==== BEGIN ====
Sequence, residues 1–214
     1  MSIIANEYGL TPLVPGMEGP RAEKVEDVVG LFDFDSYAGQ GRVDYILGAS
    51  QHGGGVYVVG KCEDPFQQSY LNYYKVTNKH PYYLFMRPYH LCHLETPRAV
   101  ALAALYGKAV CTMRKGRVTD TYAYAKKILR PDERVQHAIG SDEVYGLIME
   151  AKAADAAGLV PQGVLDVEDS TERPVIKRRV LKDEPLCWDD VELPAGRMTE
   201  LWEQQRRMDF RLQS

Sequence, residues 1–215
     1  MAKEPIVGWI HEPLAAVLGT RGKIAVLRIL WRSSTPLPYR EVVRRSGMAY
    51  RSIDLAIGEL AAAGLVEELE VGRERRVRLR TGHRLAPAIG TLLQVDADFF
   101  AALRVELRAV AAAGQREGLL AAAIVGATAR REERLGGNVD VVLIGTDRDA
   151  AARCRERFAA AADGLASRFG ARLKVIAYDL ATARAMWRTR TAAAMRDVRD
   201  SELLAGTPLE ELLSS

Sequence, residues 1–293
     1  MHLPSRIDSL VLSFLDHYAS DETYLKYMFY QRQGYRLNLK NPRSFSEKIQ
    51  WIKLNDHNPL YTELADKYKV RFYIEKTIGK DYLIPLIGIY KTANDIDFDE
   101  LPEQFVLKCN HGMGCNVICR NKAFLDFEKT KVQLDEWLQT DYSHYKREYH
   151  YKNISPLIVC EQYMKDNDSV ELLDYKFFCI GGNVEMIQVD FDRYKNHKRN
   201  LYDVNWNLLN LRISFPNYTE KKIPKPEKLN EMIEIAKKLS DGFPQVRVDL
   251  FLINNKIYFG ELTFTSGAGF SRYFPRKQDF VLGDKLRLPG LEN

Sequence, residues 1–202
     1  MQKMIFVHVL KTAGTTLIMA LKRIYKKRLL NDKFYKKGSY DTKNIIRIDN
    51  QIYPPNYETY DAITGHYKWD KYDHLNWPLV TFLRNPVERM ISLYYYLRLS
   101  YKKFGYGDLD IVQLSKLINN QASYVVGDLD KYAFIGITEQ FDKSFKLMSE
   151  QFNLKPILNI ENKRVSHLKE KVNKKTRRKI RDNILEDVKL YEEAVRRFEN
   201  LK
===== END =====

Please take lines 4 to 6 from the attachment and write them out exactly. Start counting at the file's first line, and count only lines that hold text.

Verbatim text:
   101  ALAALYGKAV CTMRKGRVTD TYAYAKKILR PDERVQHAIG SDEVYGLIME
   151  AKAADAAGLV PQGVLDVEDS TERPVIKRRV LKDEPLCWDD VELPAGRMTE
   201  LWEQQRRMDF RLQS